“[Before Terri Schomaker’s donations the] typical holiday dinner [was] whatever the women would purchase themselves or put together themselves. Sometimes we would get bags of food donated with recipes or hams on occasion. But since they make their own food in shelter, it would be whatever is on hand or what they can afford.

“I do tell the women and children about the food a week in advance. I tell them because many women struggle with having enough food assistance to meet their daily food securities, so I don’t want them to worry or stress on making a holiday meal for themselves and/or their children with what little they do have.

“So, I tell them in advance in hopes they have something to look forward to and to take any stress away regarding supplying a traditional holiday meal. It may not seem like much, but to the women in shelter, it means a lot to them to know someone cares enough to do this.”

The shelter is decorated for the holiday season and a Christmas tree is put up every year. Last year, a holiday party was thrown for the women and children in shelter. Every year, YWCA tries to make Christmas special for the families in shelter.

The dinner from Schomaker is one of those ways.

“My parents make the women in shelter the same dinner that we eat on the holidays. We have our traditional meals as a family every year, and they want the women in shelter to feel like this is a traditional holiday meal for them too. Mom includes tablecloths, little decorative items, or a personal touch to make it feel like home any way she can. Rather than just putting food in a box and sending me on my way, she wants it to be as close to a real family meal as possible, so the little extras are there as well,” Tom said.

“I love it because I get a sneak peak of all the goodies I will be enjoying the next day with my family. Mom also sends gifts for the women and children, a little something just for them to enjoy and oftentimes words of encouragement or strength. She also reminds me to set the table and to put the food out a certain way, so when they see it, it looks presentable and not just thrown on a table.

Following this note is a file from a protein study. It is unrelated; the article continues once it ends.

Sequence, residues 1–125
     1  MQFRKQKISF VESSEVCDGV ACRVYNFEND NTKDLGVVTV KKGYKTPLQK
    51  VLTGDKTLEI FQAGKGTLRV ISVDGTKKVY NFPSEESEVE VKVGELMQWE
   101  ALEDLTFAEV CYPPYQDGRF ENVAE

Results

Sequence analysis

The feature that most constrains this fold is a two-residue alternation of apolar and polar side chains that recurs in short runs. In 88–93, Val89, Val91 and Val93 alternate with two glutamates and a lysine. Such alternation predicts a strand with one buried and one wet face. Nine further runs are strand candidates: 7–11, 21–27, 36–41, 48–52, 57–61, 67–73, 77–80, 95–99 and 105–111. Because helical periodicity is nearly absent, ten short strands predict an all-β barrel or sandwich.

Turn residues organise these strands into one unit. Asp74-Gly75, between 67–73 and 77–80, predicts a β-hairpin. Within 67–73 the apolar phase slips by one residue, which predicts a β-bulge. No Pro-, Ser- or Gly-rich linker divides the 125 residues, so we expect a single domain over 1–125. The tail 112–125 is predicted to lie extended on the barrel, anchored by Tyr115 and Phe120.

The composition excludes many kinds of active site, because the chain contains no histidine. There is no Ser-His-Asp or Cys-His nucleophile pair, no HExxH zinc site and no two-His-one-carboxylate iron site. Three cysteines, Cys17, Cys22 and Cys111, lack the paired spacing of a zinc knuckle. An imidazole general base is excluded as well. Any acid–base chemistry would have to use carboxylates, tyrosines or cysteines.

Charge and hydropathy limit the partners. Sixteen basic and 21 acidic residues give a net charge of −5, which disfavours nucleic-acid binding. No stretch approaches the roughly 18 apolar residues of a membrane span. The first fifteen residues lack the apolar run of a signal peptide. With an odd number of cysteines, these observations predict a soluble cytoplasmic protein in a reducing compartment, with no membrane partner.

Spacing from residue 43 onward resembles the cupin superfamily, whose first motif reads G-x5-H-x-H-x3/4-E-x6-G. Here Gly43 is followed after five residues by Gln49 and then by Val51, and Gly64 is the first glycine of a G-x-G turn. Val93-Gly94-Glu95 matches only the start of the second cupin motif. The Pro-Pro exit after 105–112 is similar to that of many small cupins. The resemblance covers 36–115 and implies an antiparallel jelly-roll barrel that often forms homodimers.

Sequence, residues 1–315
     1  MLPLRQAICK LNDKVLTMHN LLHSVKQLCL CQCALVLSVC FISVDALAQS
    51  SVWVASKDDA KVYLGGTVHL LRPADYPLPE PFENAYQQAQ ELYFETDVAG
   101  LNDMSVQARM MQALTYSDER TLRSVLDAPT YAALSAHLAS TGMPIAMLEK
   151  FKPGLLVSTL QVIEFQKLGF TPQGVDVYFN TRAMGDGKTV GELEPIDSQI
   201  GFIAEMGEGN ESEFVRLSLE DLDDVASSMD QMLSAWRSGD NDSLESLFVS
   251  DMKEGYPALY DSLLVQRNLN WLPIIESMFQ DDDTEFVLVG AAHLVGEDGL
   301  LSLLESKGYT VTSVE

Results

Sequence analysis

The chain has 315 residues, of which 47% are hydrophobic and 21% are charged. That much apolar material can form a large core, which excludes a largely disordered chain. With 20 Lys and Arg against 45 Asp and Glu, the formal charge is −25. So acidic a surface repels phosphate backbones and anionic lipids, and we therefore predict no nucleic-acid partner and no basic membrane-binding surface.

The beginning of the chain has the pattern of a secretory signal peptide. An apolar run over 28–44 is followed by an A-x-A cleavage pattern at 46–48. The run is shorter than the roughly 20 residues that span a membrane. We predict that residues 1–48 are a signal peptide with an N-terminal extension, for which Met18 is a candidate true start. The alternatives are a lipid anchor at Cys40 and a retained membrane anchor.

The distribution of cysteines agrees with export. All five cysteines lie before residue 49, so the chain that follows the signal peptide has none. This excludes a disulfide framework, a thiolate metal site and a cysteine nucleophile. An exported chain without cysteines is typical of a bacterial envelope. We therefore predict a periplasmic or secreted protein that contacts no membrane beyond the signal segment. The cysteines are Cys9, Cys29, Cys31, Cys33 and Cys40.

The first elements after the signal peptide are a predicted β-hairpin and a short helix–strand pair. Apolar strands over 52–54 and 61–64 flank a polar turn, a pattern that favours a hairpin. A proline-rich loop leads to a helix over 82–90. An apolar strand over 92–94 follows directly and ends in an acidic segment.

“Without community support, my job would be much more difficult in meeting clients’ needs. A lot of daily items we provide are donation-based, such as hygiene products, paper products, household items, and clothing. Many women come to shelter with just a handful of items that they were able to grab on the way out. Without community support I wouldn’t be able to provide services or items to the women, so it makes a huge difference.

“Mom never toots her own horn because she believes we are to be humble with ourselves and use our skills and abilities to serve others, to give when someone is in need without expectation – not even an expectation of a ‘thank you,’ because we are doing it for the wrong reasons if we do.”

If you, or someone you know, is experiencing domestic violence, YWCA Dayton’s Preble County Office can help. Call the 24/7 crisis and domestic violence hotline at 937-456-6891.

Women in YWCA Dayton’s Preble County Shelter were donated a holiday meal by Terri Schomaker. The mother of YWCA Dayton Preble County’s case manager Tara Tom, Schomaker has donated eight holiday meals since 2016, helping feed more than 50 women and children in the Preble County Domestic Violence Shelter.
https://www.registerherald.com/wp-content/uploads/sites/41/2018/12/web1_Thanksgiving2018-1-.jpgWomen in YWCA Dayton’s Preble County Shelter were donated a holiday meal by Terri Schomaker. The mother of YWCA Dayton Preble County’s case manager Tara Tom, Schomaker has donated eight holiday meals since 2016, helping feed more than 50 women and children in the Preble County Domestic Violence Shelter.

https://www.registerherald.com/wp-content/uploads/sites/41/2018/12/web1_Thanksgiving2018-3-.jpg

By Kelsey Kimbler

kkimbler@registerherald.com

Reach Kelsey Kimbler at 937-683-4061 or on Twitter @KKimbler_RH

Reach Kelsey Kimbler at 937-683-4061 or on Twitter @KKimbler_RH